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Sweat the Small Stuff

  • Published
  • By Lt. Col. William Barrington Jr.
  • 90th Missile Maintenance Squadron commander
I recently had an opportunity to learn about nuclear weapon design from some of the original engineers and physicists who designed the weapons that are in our custody. It struck me that weapons we have in the deterrent force today were designed and built 35 years ago, with vastly different technology and computing power. Furthermore, we recently passed the 20 year anniversary of our last nuclear test in the United States. Today, a new generation of engineers and physicists certifies the stockpile with cutting edge technology, supercomputers and science-based tests. They carry on the legacy of the designers of a generation ago through stockpile stewardship, allowing the continued certification of the safety, security and reliability of the stockpile without nuclear testing.

Other segments of the weapon system -- the Minuteman boosters, launch facilities, missile alert facilities and support equipment continue to be tested, modified and upgraded. In fact, we recently completed another successful Simulated Electronic Launch Minuteman test. Everything we do to the weapon system--from maintenance and sustainment, to operations and security--requires a rigorous attention to detail. In our business it's important to maintain the highest level of precision in both personal proficiency and equipment. I ask that you think about the following:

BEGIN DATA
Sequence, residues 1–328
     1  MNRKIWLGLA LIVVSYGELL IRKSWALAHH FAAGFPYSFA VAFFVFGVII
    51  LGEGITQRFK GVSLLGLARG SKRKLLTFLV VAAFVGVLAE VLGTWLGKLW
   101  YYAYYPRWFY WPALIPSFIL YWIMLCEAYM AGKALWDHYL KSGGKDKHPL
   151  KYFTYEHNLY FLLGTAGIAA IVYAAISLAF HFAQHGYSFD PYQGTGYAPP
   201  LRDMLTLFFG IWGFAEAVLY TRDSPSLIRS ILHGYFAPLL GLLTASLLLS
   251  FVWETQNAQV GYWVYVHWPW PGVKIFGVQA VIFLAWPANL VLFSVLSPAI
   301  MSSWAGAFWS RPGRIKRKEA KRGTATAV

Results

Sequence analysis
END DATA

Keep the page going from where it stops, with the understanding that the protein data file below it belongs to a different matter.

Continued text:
- Sweat the small stuff: don't walk past a problem or accept substandard performance or equipment. Doing so erodes our standards. We must maintain the highest level of excellence in personnel and equipment.
- There are times when you may have to question the status quo. Have you ever been told, "We've always done it this way?" Ask why! In our business, shortcuts or "systems knowledge" are not acceptable. Do it by the book every time.

- You sign your work. Maybe you don't physically sign, but you are responsible for correctly accomplishing your assigned task. Whether you are a doctor, civil engineer, defender, maintainer or missileer, you have an impact on some part of the weapon system every day. When you certify your work, you are acknowledging that you have completed the job correctly and upheld the surety of whatever part of the weapon system you are responsible for.

Adherence to procedures ensures the weapon system performs the way it was designed and intended. Every time you interact with the weapon system and personnel you are creating your own legacy and leaving your impact on nuclear surety and deterrence.

Thomas Jefferson said, "The price of liberty is eternal vigilance." Our vigilance day in and day out ensures freedom and liberty for our nation and our allies. Stay vigilant -- sweat the small stuff. The actions we take today carry on the legacy started by the designers, operators and support personnel from the Manhattan Project and Trinity to today.